5. Excessive exercise may be the culprit, a syndrome that can mirror anorexia and bulimia and may affect sexual desire.
  6. He may be watching porn and therefore masturbating, lowering his own sexual function.
  7. And finally, sleep deprivation can be your problem. For instance, if you are getting less sleep because you and your mate are experiencing emotional difficulties or you are the parents of a new baby.

However, after talking openly with your partner, you may discover that your sexual issues are more emotional:

  1. He may be angry with you over some perceived event or experience. For example, perhaps you’ve gained weight and he believes you no longer care about being attractive to him.
  2. He may feel that you are over-controlling and hypercritical, and has shut down in an effort to push back.
  3. He may be bored. As the saying goes, “familiarity breeds contempt,” as you and your partner get into a sex routine that may cause you to take each other for granted.
  4. And you can’t overlook the real possibility that your mate is bored of having sex with you because he is really interested in having sex with someone else… a rationale that frees him from being faithful.
  5. Finally, husbands and lovers who have problems with intimacy often put space and distance between them and you, when they find themselves in a committed relationship, which can make them feel vulnerable.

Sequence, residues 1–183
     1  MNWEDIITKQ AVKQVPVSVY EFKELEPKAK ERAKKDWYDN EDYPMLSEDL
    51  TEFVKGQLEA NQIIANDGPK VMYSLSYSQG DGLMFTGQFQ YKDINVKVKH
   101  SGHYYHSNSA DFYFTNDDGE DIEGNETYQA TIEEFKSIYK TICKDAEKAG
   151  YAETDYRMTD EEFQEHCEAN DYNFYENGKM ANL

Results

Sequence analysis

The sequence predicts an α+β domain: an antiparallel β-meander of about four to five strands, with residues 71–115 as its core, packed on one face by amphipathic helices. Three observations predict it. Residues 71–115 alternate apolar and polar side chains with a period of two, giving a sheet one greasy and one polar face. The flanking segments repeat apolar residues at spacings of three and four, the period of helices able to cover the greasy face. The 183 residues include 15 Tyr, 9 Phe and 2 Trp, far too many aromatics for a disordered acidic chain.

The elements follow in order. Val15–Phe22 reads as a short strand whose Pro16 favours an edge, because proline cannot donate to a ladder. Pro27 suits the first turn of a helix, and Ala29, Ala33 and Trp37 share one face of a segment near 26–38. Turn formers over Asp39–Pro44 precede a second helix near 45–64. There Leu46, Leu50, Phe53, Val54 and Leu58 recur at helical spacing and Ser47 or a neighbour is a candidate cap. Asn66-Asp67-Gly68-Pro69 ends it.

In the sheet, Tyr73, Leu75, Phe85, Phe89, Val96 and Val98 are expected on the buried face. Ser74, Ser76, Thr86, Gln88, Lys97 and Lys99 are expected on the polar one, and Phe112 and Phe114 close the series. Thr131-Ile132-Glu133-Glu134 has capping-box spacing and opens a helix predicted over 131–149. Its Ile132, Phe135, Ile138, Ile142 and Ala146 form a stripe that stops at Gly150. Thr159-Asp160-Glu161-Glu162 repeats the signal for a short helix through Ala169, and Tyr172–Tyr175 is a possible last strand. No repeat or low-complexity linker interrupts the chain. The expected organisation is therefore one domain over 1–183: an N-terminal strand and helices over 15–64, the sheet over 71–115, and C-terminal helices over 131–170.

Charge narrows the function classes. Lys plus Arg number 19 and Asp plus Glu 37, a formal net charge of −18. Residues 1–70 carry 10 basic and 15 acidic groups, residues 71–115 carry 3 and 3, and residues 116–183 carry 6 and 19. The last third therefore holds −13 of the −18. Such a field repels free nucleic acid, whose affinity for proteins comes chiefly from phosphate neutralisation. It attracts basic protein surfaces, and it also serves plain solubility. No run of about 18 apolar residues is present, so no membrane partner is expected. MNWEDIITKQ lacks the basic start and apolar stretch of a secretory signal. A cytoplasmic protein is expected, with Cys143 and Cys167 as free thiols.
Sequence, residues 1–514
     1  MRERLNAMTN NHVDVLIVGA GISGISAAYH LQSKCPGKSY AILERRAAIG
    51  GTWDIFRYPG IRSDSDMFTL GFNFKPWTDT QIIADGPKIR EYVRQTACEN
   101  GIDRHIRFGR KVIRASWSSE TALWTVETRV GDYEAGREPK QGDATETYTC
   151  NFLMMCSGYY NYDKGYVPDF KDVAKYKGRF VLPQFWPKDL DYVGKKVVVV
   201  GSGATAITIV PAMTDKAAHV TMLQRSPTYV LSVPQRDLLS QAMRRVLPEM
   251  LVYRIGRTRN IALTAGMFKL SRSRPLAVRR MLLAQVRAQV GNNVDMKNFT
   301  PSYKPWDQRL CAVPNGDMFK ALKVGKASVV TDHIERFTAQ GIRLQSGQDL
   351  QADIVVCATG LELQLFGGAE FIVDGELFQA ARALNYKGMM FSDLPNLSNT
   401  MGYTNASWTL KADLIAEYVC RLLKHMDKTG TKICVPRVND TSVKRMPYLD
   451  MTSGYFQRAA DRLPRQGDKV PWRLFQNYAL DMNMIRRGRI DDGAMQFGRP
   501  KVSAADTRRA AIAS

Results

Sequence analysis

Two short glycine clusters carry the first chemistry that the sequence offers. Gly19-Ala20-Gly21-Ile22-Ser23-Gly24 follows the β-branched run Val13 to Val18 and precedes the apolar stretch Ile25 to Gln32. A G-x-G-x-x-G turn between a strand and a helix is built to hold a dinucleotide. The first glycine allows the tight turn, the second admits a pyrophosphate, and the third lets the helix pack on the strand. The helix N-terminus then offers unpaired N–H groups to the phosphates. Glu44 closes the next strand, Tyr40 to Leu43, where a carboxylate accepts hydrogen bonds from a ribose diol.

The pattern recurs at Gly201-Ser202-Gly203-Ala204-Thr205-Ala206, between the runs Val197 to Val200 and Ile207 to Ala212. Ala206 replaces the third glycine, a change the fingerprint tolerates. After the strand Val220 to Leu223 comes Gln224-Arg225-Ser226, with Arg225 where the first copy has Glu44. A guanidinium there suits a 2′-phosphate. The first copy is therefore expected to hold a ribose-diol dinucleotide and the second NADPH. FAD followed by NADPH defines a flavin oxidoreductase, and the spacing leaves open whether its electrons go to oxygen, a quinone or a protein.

If you can relate to any of the above listed problems, what can you do about?

  • The first thing you must do is acknowledge that you have a problem and recognize what that problem really is.
  • Communication is key and though you may find it embarrassing and even humiliating, it is important to speak your truth to your mate.
  • Counseling, including seeing a Sex Therapist, can help you get to the root of your problem and reconnect with your mate.
  • Sometimes, you can improve your sex life simply through sensate focus. By learning how to touch your partner in a pleasing way, you can revitalize the romance of foreplay, which, by the way, begins way before the bedroom and has everything to do with the small kindnesses you show to your mate.